A Mixologist’s Take On Sheltering In Place

Mixologist Bob Peters was set to open a brand new restaurant in Charlotte, NC, on March 17. The Grinning Mule was fully stocked, staffed and prepped. Then on March 16 came the directive for people to stay at home to slow the spread of the coronavirus, so the opening was tabled.

The shelter-in-place directive not only put a hold on the Grinning Mule, it put temporarily put Peters out of work. He shared with Cheers some of the ways he’s been keeping busy during the past few weeks.

For one, Peters has done some online events, such as a virtual Happy Hour hosted by local food magazine Unpretentious Palate, in which he demonstrated how to make punch. In addition to being a paid gig, the event included a virtual tip jar that participants could add to via Venmo or Paypal.

People could also chat at the end and ask questions about the ingredients and type of ice used. “It’s a great way to stay busy and engaged” with the community, Peters says.

He’s also been using the free time to go wild foraging for ingredients. You need to know what you’re doing in terms of food safety, he notes, “but it’s an amazing way to spend time and come up with new recipes.”

For instance, Peters recently made a syrup out of wisteria flowers that he foraged. Used as an ingredient this way, wisteria has a delicate, interesting nose and a light, floral grape flavor, he adds.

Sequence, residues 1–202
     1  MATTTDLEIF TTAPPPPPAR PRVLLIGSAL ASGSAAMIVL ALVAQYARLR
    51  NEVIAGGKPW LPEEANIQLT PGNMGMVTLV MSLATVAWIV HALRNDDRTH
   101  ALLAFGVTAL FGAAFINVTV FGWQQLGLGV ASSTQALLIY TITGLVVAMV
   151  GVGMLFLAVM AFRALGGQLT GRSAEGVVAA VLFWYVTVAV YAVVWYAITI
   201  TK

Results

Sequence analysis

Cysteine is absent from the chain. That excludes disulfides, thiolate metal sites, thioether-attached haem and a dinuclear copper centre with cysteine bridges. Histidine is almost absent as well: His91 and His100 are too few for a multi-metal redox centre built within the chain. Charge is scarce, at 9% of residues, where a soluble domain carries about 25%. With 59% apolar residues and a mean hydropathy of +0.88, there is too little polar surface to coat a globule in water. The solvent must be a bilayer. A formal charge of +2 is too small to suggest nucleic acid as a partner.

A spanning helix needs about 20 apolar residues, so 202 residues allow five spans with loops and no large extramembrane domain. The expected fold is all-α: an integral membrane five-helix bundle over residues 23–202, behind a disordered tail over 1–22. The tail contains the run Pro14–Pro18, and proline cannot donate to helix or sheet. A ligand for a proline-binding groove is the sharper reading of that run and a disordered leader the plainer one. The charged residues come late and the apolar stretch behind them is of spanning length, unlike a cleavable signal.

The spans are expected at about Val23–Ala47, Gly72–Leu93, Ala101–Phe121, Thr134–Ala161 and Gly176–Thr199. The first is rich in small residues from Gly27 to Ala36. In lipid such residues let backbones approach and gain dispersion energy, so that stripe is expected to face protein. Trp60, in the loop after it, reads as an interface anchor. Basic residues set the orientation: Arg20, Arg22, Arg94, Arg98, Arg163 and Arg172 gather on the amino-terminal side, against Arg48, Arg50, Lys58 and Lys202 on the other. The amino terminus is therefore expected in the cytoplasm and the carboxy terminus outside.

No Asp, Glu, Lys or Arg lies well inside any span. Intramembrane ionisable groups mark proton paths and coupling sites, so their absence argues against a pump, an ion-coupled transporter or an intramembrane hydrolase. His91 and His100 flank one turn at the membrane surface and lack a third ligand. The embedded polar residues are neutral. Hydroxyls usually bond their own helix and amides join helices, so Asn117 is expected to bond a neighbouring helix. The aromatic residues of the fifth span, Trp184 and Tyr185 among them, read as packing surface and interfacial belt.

Peters advises bartenders waiting to get back to work to improve their knowledge and skill sets, whether it’s learning to carve or clarify ice or creating new garnishes. “That way, you will have improved your craft when we do get back to work.”

What will the industry look like when restaurants do reopen? “We have to put systems in place for the safety of the public,” Peters says. That means training staff on cleaning and sterilizing, making sure to wipe down tables with disinfectant and spacing tables correctly to enable recommended social distancing.

Ripple Effect

Cocktail with inspirational quote imprinted in the foam.

What is Peters looking forward to when the Grinning Mule is able to open? Among other things, he can’t wait to fire up the bar’s Ripples machine, which can imprint any message or image that’s sent to the device through its mobile app into a foam-topped drink.

Peters uses it for branding, inspirational quotes and images to surprise and delight guests with custom cocktails.

For example, say a couple comes into the restaurant to celebrate their anniversary, and they order a foamy cocktail. Peters will ask to take their picture, telling the guests, “I’ll show you why in a minute.” Then he’ll deliver the cocktail with the couple’s photo and a happy anniversary message imprinted in the foam.

Peters has also used Ripples to promote weekly specials and monthly events. Not only is it an unexpected personal touch, Peters says that guests tend to take photos of the foam images and messages on the drinks and post them online.

This helps draw attention to the bar or restaurant, he notes. “It’s marketing inside of marketing.”

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Author: Melissa Dowling {authorlink}